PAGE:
Wednesday, October 19, 2016

Is it me, or is it getting cold in here ...

Thus spake a reader who emailed me this: Michael J. Kruger, "How my books are being banned at the Society of Biblical Literature" (Cannon Fodder, October 19, 2016). Excerpts:
... Dr. John Kutsko, executive director of the Society of Biblical Literature, has just proposed that InterVarsity Press–one of the largest evangelical presses in the country– be suspended from having a book stall at the annual SBL meeting (starting in 2017).

The reason for this ban is the recent decision by InterVarsity to uphold the biblical view of marriage and to ask their employees to do the same (see IVP clarification on their policy here).

Since I have a current book with IVP Academic, The Question of Canon, and a forthcoming book with them on Christianity in the second century, SBL would effectively be banning my books from the annual meeting. And that would be true for hundreds and hundreds of other IVP authors.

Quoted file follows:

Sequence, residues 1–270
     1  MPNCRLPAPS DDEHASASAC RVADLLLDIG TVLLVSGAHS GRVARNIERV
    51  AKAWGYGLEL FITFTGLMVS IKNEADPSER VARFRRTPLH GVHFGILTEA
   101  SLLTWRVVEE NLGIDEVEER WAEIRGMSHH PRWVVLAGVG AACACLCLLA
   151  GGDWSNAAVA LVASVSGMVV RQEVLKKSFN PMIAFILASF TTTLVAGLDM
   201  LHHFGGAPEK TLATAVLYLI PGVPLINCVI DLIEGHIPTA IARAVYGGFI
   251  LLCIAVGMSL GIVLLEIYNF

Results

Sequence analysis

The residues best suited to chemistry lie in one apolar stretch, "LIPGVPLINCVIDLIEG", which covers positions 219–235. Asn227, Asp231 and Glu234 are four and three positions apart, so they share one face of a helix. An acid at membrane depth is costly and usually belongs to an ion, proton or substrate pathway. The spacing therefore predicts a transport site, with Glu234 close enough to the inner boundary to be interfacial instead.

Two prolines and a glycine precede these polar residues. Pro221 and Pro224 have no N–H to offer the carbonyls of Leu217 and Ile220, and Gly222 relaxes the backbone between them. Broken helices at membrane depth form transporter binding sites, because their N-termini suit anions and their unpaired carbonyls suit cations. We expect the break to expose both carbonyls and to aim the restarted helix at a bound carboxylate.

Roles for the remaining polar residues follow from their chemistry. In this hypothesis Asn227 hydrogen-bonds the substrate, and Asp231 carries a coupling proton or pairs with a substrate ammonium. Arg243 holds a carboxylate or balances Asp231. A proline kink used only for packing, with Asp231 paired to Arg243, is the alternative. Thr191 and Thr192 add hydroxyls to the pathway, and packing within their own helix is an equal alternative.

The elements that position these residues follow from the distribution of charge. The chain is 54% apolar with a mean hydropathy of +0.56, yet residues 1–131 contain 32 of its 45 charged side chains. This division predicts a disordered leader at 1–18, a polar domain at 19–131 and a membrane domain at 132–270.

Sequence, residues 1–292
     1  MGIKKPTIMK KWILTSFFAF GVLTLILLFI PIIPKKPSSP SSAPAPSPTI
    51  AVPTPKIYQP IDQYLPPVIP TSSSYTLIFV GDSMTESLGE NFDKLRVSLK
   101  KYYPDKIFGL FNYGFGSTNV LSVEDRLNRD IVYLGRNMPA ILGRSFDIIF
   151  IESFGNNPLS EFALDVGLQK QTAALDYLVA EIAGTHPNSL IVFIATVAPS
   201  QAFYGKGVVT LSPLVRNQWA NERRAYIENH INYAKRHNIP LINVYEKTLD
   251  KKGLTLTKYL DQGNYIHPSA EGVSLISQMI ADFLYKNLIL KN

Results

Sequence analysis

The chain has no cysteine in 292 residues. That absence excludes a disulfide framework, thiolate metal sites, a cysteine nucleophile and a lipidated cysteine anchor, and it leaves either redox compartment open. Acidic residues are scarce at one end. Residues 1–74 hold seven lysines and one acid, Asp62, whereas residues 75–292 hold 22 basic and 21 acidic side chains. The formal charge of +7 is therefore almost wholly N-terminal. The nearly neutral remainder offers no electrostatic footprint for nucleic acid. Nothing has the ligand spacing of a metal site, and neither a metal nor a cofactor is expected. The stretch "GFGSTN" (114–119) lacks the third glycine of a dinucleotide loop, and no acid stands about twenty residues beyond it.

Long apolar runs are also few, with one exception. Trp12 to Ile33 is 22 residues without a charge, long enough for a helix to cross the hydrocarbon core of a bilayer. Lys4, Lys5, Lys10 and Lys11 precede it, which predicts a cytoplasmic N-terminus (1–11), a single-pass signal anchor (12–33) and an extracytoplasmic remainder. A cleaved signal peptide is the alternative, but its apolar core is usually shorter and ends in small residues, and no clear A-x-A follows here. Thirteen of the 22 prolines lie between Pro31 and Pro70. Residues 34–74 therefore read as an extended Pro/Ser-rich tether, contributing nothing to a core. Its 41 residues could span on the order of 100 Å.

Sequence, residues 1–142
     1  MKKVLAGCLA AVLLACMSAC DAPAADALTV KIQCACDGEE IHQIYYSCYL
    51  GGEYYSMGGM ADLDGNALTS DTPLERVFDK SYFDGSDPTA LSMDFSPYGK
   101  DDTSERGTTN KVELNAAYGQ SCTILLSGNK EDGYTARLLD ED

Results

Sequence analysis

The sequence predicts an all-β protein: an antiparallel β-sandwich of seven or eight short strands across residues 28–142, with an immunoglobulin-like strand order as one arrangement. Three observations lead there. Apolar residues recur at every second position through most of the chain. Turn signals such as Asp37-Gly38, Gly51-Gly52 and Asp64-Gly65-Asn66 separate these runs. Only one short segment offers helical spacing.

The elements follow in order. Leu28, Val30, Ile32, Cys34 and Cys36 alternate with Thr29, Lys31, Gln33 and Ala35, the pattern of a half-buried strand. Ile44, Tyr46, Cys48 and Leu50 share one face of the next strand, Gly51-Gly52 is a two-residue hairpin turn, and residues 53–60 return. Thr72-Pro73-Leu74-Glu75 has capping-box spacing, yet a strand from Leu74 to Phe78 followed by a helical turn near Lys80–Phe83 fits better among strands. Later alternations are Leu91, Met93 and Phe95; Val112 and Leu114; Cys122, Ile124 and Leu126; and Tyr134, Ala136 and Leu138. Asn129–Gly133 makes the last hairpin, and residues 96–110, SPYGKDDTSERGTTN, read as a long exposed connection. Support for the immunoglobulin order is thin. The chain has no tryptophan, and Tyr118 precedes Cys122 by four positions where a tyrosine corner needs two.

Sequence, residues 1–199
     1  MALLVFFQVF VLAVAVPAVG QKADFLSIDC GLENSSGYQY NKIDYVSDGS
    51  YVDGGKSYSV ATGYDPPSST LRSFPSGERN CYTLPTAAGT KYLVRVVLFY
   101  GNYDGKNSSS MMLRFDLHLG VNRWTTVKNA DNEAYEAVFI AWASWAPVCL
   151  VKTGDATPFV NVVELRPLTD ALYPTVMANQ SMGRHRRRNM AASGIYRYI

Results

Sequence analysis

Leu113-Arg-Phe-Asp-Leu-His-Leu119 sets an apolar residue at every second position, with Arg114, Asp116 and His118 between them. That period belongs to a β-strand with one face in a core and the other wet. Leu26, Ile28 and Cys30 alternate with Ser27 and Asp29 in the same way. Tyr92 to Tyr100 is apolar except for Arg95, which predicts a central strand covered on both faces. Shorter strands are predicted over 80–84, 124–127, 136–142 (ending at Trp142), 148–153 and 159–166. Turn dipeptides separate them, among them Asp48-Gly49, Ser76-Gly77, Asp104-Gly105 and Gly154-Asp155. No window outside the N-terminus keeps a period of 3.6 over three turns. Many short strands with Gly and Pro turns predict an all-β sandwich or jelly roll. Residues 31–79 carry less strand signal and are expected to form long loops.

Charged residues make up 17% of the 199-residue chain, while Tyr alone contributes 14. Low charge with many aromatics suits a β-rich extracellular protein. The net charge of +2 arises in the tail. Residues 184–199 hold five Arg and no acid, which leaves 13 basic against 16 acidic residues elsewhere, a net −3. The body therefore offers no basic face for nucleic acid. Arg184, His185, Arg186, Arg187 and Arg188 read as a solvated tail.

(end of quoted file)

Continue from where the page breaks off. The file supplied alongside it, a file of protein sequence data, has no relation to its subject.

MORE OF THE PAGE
[Hat tip to JM]




The most catholic thing about the Catholic Church is that it is not Catholic.




"Despite critics’ calls for more dialogue, Jao said an agree-to-disagree resolution is unworkable because it would require InterVarsity to act in opposition to what it believes is clearly revealed in Scripture. Jao insisted taking a clear theological stand will only help the ministry’s mission of discipleship: 'Reiterating [InterVarsity doctrine] is in part a conviction that all of Scripture is good news: It is good news for everyone, even when it’s hard.'"

From St. Peter's balcony, clutching a copy of his letter 'The Joy of Love," Pope Francis commented in response to InterVarsity's Jao, "Unlike our separated brethren, from Vatican II we have the infallible insight that everything in continuum is caught up in the paradox of time, and that the inspired parts of Scripture are infallible good news. We're not so committed to the other fallible parts."